Your Website Sucks

- - Photographers

I can’t seem to get a photographer I like hired to shoot fashion, because every time I send a link to the fashion director she clicks and the opening image pops up and it’s this horrendous, pretentious, model-y shot that’s dripping with cheese.

The rest of the site is littered with solid gold shots but she can’t get past the fact that this photographer thinks the greatest shot they’ve ever taken, the shot that goes on the opener, blows.

There Are 34 Comments On This Article.

  1. Options:

    1. Send a discreet email explaining the situation.
    2. Place a phone call to the shooter and explain the situation.
    3. Ask the photographer to buy you some drinks and then explain the situation.
    4. Show the fashionista the rest of the site.
    5. Blog anonymously.

    What a stand up guy/gal you are…….

  2. Jeff Stevens

    Too many photographers get caught up in there own work. Terry Richardson’s opening image is the best one I have seen yet. I just makes you want to click an see more.

  3. If you really want to get the guy hired, here’s what you do:
    Next time you email the site, bypass the first page and go to the second page. Go to the “view” menu (at least that’s what it is in Safari) and select “show address bar”. Copy THAT link and paste it into an email to your fashion editor and send it over. She will not see the first image.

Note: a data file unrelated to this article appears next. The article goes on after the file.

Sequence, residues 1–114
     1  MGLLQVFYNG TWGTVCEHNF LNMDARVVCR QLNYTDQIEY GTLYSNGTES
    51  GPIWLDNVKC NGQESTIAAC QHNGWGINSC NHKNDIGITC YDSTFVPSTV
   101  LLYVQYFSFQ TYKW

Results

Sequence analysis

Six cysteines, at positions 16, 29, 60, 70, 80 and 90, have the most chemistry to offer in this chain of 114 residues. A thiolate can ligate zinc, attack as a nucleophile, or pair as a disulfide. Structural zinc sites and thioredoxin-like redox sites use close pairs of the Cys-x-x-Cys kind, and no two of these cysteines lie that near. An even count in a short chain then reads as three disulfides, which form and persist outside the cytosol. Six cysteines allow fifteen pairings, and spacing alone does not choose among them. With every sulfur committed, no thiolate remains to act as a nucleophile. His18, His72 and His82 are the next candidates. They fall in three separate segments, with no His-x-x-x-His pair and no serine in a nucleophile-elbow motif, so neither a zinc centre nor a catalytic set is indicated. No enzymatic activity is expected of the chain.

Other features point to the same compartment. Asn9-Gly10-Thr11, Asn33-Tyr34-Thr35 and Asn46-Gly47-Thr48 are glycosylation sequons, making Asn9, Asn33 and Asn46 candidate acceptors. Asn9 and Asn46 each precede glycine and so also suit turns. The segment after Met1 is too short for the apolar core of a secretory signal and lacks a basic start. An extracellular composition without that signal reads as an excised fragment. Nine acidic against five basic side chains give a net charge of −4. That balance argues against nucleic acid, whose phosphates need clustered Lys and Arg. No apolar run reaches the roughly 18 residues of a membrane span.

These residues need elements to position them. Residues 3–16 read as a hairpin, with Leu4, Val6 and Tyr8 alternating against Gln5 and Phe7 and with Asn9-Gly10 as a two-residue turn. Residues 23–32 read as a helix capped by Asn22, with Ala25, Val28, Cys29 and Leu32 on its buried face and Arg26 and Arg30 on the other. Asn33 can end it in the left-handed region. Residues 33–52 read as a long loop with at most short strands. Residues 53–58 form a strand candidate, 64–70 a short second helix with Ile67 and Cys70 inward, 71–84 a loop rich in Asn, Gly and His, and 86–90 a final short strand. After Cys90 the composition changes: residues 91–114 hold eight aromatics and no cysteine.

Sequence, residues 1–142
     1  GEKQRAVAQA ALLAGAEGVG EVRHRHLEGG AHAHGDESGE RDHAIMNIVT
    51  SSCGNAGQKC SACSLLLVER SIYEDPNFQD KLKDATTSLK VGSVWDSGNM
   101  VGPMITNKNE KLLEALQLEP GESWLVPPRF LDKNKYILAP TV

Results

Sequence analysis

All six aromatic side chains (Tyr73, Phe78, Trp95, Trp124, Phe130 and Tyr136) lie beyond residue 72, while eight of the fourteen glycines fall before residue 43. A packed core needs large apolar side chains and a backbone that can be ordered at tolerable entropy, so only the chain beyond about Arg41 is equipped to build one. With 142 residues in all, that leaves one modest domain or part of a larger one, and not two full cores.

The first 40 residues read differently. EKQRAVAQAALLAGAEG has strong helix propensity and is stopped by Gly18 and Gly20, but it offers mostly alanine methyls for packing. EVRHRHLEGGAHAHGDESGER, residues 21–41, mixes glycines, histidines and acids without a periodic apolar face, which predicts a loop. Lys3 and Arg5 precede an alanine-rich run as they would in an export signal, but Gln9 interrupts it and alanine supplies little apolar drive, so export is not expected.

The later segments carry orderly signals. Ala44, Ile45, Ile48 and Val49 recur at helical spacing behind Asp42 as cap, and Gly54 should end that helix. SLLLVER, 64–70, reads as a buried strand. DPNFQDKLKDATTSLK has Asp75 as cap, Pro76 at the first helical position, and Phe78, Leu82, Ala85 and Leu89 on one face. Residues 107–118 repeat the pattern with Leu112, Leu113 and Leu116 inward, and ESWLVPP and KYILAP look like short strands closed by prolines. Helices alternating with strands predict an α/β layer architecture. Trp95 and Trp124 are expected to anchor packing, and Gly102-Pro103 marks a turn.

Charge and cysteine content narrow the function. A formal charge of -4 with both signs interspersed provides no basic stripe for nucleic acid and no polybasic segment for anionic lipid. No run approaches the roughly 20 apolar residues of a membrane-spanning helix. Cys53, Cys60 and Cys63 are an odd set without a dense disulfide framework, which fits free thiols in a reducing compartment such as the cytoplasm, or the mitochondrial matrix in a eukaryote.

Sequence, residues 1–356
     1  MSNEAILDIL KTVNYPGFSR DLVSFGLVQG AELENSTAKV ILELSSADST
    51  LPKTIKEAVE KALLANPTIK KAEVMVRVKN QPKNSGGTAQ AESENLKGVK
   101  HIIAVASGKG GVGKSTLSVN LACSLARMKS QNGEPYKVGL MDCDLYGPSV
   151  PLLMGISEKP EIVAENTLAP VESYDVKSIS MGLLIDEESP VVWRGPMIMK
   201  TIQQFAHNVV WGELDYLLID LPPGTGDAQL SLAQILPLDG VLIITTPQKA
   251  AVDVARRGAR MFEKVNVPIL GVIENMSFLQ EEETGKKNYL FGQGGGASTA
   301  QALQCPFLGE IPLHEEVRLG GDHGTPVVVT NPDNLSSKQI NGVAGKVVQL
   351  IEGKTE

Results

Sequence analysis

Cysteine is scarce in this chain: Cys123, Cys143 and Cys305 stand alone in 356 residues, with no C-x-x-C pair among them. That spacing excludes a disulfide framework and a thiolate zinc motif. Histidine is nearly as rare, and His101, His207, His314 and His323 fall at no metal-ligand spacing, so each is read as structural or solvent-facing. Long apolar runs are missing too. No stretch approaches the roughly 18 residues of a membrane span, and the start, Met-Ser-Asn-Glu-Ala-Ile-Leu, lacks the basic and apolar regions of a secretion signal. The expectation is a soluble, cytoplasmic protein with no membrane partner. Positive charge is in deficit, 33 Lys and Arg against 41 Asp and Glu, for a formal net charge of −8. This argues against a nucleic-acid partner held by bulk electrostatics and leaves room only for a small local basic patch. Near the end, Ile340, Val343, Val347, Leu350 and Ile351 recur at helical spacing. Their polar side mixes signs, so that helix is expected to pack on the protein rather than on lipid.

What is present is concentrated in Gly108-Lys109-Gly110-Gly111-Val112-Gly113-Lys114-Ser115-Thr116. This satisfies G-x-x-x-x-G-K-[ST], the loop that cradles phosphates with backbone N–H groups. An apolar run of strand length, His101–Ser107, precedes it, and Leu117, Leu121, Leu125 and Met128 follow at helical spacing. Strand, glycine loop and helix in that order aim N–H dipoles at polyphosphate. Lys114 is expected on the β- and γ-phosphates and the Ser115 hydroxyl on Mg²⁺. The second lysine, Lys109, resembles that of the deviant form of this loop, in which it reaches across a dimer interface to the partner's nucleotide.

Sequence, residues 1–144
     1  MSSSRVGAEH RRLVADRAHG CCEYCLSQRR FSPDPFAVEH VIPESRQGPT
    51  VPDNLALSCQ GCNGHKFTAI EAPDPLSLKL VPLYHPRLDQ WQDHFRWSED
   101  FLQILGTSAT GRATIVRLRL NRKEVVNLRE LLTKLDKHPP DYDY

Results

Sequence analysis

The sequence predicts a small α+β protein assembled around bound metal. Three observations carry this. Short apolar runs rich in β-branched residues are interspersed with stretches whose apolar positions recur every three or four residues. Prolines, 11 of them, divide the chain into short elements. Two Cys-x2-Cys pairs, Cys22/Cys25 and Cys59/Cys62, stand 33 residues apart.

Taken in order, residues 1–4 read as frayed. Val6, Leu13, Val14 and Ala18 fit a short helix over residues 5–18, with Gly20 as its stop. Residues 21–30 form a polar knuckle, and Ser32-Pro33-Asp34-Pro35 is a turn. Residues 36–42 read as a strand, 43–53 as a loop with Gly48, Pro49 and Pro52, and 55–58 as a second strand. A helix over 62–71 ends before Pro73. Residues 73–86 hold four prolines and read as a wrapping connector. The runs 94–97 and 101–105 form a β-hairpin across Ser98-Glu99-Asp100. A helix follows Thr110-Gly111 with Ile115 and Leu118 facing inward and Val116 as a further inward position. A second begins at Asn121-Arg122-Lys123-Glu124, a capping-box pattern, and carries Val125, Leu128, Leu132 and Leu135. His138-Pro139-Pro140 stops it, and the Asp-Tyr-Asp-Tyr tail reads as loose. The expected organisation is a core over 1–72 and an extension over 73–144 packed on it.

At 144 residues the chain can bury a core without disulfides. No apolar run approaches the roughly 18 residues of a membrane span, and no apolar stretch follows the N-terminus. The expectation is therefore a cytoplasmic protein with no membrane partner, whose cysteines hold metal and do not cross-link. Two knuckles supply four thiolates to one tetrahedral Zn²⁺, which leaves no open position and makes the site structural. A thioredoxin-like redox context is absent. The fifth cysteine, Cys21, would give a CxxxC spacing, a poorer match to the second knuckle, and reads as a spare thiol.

Still, if they guy thinks his bestest, most greatest image is “this horrendous, pretentious, model-y shot that’s dripping with cheese” why do you want to hire the guy so much?

  4. Flash sucks. Or at least the way people use it. They should at least know how to provide users with internal bookmarkable links like the Balenciaga website. Even if it’s in Flash, the programmer has made it possible to bookmark internal sections.

    http://www.balenciaga.com

    Anyway, you’re better off sending your fashion editor individual images nabbed from the website.

  5. I had an art buyer tell me candidly that the intro to one of my artists was horrid, and while she could get past it, she knew the creative we were both trying to reach wouldn’t be able to. As it was a Flash site, there wasn’t a URL to provide that jumped past the intro. I had the same candid conversation with my photographer and the next day the intro was gone.

    Nope. Didn’t get the job. But the point was made, truth always, that different people appreciate different styles of images and presentation. We can’t please everyone!

    If the photographer noted in the starting post thinks that is the best image they’ve done, perhaps their taste is different from the fashion editor’s by a degree that says they aren’t right for each other.